This title for the Virgin Mary has been in use by the Church from time immemorial. When it was officially recognized at the Council of Ephesus in 431 AD, it was universally known. The reason that this council met was because a lone bishop, Nestorius, who was the bishop of the chief city in the Roman Empire, Constantinople, had begun to preach that Mary was not Theotokos but rather Christotokos (Birthgiver of Christ or Mother of Christ). He believed that to call Mary the Mother of God implied that she was prior to or superior to God.
The problem with his theology was that it implicitly divided Jesus Christ’s human and divine natures. Jesus Christ is both a man, and God incarnate, at the same time; He is fully God and fully man. A chief consequence of this complete union is that the divine and human properties influence one another. Theologically, this is called communicatio idiomatum, or simply, the “exchange of properties.” So when Christ God raised the dead, He did it through His human voice and hands; when He cured the blind He even used His saliva. These events were emphasized in the Gospels to show that Christ is really a man, and not just a phantom or a spirit that looks like a man, but that He is really and truly human. His divinity empowered His human flesh to accomplish miracles, but it was through Christ’s human suffering and self-denial, His accepting baptism by John the Baptist, His ascending the Cross, and other events undertaken in the flesh that He accomplished our salvation and opened up His grace. His human compassion even led Him to raise His friend Lazarus from the dead.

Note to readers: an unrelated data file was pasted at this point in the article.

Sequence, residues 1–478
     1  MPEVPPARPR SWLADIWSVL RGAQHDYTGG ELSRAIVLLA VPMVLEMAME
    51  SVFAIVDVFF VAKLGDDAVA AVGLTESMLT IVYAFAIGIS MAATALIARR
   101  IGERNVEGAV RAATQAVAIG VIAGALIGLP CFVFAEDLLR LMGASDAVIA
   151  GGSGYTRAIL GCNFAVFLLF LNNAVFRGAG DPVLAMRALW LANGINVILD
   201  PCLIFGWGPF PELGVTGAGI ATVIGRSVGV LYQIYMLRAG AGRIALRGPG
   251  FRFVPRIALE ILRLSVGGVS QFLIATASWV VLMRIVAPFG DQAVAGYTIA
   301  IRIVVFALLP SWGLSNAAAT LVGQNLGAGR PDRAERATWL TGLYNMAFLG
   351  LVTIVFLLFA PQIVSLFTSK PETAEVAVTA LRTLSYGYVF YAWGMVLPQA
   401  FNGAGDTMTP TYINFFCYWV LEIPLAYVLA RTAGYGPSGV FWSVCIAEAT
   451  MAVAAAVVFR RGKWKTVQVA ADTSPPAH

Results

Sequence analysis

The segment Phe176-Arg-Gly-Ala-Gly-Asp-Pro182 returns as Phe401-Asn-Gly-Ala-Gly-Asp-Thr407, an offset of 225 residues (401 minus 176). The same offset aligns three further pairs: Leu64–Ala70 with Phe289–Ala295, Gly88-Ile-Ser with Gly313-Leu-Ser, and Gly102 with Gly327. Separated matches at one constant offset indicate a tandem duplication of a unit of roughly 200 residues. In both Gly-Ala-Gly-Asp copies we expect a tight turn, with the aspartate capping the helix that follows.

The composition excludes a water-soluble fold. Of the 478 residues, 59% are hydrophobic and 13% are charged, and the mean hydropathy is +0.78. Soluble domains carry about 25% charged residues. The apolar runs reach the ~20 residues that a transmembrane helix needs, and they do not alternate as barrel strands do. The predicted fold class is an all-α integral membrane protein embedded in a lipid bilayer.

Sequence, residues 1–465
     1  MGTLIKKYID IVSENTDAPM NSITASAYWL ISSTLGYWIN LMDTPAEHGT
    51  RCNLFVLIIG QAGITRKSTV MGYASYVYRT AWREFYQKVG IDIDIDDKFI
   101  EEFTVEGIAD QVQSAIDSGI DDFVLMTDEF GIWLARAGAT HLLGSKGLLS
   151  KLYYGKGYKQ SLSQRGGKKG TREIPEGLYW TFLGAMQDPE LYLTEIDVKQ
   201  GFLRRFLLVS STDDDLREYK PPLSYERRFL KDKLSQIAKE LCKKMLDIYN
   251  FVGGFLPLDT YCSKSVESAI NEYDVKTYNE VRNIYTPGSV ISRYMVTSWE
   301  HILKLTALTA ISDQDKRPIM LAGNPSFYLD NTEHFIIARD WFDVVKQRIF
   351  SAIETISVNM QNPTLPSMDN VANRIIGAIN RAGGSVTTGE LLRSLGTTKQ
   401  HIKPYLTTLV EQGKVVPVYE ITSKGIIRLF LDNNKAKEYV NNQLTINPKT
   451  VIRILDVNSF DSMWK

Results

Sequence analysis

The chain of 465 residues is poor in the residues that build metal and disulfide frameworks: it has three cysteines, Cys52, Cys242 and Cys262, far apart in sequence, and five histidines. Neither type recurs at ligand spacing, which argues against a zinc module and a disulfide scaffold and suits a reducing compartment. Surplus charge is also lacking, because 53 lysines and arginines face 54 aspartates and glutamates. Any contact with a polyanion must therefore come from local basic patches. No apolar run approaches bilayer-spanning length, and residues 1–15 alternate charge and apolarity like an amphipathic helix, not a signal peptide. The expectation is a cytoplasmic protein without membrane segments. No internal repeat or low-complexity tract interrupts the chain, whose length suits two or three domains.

Since Christ’s human and divine natures interacted and were united, we can say that He is one person; He was not a human that God overshadowed, or a really great person with some divine attributes; He was God Himself. By saying that Mary was only the Mother of Christ, Nestorius was dividing His humanity and divinity. How could Mary be just the mother of Jesus’ human nature, and not of the complete Jesus, who is God? This reasoning led the bishops assembled at Ephesus to proclaim that the ancient title “Birthgiver of God” or “Mother of God” is the most correct statement of faith to protect the unity of Christ as one person. Thus, we can say that Mary truly carried God in her womb.
But why honor Mary at all? We honor her because she points us to Christ, as an example of complete submission to God. When the Angel Gabriel came to her, he honored her by saying “Hail, thou who art highly favoured, the Lord is with thee: blessed art thou among women” (Luke 1:28). After receiving this news, she responded in complete submission: “Behold the handmaid of the Lord; be it unto me according to thy word” (Luke 1:38). We call those who submitted their will to God saints, or holy ones. Filled with the Holy Spirit, they were transformed into God-bearing people. The Virgin Mary, the Theotokos, was the paradigm as she literally bore God; but we also can bear Him by our actions of faith. In every generation, holy people have followed Christ and bore Him to each succeeding generation, providing an unbroken chain of faith. In an age where we idolize actors, generals, musicians, and other famous people, we should instead turn our focus on to the saints, who by their example show us what faith in Christ can mean for our life. For this reason we honor the Virgin Mary and other saints; and to protect the unity of Christ, we call His mother Theotokos.